Measuring outcomes in behavioral health has become a quagmire of misinformation and marketing buzzwords. Given that the three main accrediting bodies (i.e., the Joint Commission, Council on Accreditation, and the Commission on Accreditation of Rehabilitation Facilities) now require the use of a standardized mental health outcomes measurement tool, the sheer number of measures and systems has reached atmospheric heights. How do you save yourself from drowning in options? With help from this quick reference guide to understanding the different types of outcome measures.
Mental Health Outcome Measures and Measurement Tools
Standardized vs. Evidence-Based Mental Health Outcome Measures
The Joint Commission, Council on Accreditation (COA), and the Commission on Accreditation of Rehabilitation Facilities (CARF) all call for “standardized” measures to inform treatment decisions. This is, of course, a good thing because in times past agencies often made up their own measures of outcome that were not “standardized.” This meant that the measures contained minimal to zero reliability or validity and couldn’t be used to truly evaluate effectiveness nor compare one program to another.
Because a measure is standardized, however, does not mean it is evidence based. Standardized mental health outcomes assessment tools use measures that have been psychometrically validated in studies demonstrating reliability and validity, and have established norms for distinguishing clinical vs. nonclinical populations.
“Evidence based” has an entirely different meaning and is a much higher standard to achieve. It is the language of science, not marketing. It means that these types of outcome measures have been demonstrated to improve outcomes in at least two controlled, or randomized clinical, trials and published in peer-reviewed journals — not in reports published online in PDF files that look quite official (but nevertheless are never published in peer-reviewed journals, usually for good reason).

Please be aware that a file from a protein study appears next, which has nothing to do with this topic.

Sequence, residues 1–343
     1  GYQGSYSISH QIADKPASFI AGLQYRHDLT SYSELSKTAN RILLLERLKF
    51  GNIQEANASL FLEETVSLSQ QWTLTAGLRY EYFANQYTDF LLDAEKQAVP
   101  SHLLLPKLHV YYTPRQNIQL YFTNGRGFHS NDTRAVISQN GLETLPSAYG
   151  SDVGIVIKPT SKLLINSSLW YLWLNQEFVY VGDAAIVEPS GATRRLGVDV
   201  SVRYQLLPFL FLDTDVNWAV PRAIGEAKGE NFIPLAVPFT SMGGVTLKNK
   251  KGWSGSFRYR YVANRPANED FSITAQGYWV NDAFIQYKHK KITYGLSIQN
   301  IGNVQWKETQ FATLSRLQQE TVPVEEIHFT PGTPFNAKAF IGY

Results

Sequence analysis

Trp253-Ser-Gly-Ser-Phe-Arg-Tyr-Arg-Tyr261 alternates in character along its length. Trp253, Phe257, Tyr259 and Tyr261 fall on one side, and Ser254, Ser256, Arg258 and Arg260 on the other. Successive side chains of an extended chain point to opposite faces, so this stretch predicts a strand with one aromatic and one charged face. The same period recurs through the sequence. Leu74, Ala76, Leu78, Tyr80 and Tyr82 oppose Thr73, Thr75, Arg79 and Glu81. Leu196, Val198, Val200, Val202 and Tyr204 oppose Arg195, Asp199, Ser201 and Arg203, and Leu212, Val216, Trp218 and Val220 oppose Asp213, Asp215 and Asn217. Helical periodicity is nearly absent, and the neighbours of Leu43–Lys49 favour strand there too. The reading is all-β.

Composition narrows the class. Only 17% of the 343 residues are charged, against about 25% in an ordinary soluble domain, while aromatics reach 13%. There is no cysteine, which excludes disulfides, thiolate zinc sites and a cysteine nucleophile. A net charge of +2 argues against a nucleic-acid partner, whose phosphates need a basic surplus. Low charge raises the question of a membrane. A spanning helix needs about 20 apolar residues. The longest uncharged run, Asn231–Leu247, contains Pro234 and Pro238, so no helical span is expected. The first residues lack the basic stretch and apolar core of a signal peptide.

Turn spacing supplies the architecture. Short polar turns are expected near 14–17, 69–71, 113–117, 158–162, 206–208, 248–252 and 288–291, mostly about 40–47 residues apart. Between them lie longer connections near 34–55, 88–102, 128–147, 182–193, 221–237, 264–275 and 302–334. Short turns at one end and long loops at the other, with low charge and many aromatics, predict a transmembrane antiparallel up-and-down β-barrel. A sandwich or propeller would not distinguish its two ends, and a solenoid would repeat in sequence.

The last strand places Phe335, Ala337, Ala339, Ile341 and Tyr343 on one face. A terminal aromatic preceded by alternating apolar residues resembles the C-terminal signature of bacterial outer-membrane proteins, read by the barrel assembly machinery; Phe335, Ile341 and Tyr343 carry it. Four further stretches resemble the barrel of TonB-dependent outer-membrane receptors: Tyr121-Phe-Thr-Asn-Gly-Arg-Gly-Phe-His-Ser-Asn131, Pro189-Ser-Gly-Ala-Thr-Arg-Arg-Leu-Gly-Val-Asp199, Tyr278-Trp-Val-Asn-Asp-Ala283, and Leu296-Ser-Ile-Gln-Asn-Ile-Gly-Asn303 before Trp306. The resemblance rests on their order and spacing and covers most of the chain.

DLA-20 and the Evidence
For example, consider the Daily Living Activities Scale (DLA-20) recommended by the National Council for Behavioral Health. While it has demonstrated reliability and validity, and it claims to improve effectiveness and efficiency, it has zero randomized clinical trials to support such claims. Slide presentations and PDF reports make the case, not science.
The eight randomized clinical trials of the Partners for Change Outcome Management System (PCOMS) span across various cross-cultural sites (including the U.S., Europe, and China), client populations (including the impoverished and disenfranchised), therapeutic models, and modalities of service, making a strong case for the routine use of PCOMS in everyday practice.
Bottom Line: The DLA-20 and many others like it are reliable and valid types of outcome measures but have not demonstrated improved outcomes and are not “evidence based.” The OQ system and PCOMS are the only measurement-based care solutions that are truly evidence based.
Client vs. Provider-Generated Mental Health Outcome Measures
Accreditation standards lean toward outcome measures that are client generated. For example, the Joint Commission states: “Ideally, the tool or instrument monitors progress from the individual’s perspective.” Of course, from our perspective, it makes best sense to privilege consumer perceptions of benefit given it is improvement in their quality of life that we are targeting — clients are the best judge of how well, or not, they are doing.
DLA-20 and Collaboration
Once again, this is not the case with many types of outcome measures. For example, consider the following instruction for the DLA-20: “The patient’s primary clinician or case manager typically has the most information about daily functioning at home or in the community and is best prepared to complete the DLA-20.”
While lip service is given regarding “collaboration” with consumers to fill out the measure, the reality is that these measures wind up being clinician judgement alone, often for the sake of expediency. Given the time required to complete the measures “collaboratively,” they wind up being done at convenient intervals for the clinician rather than timely evaluations of how the client perceives life is going. An important question emerges about the data: Whose data is it and what does it really mean for treatment planning?
Bottom Line: PCOMS is the only evidence-based clinical process that includes clients as full partners, involving them in all decisions affecting their care. The collaboration is not about filling out the measure but rather what should be done in treatment based on the client’s perspective of benefit.
Don’t select a mental health outcomes assessment tool just to meet the accreditation requirements. Select a systematic solution – one proven in eight randomized clinical trials to significantly improve effectiveness in real clinical settings as well as substantially reduce costs related to length of treatment and provider productivity.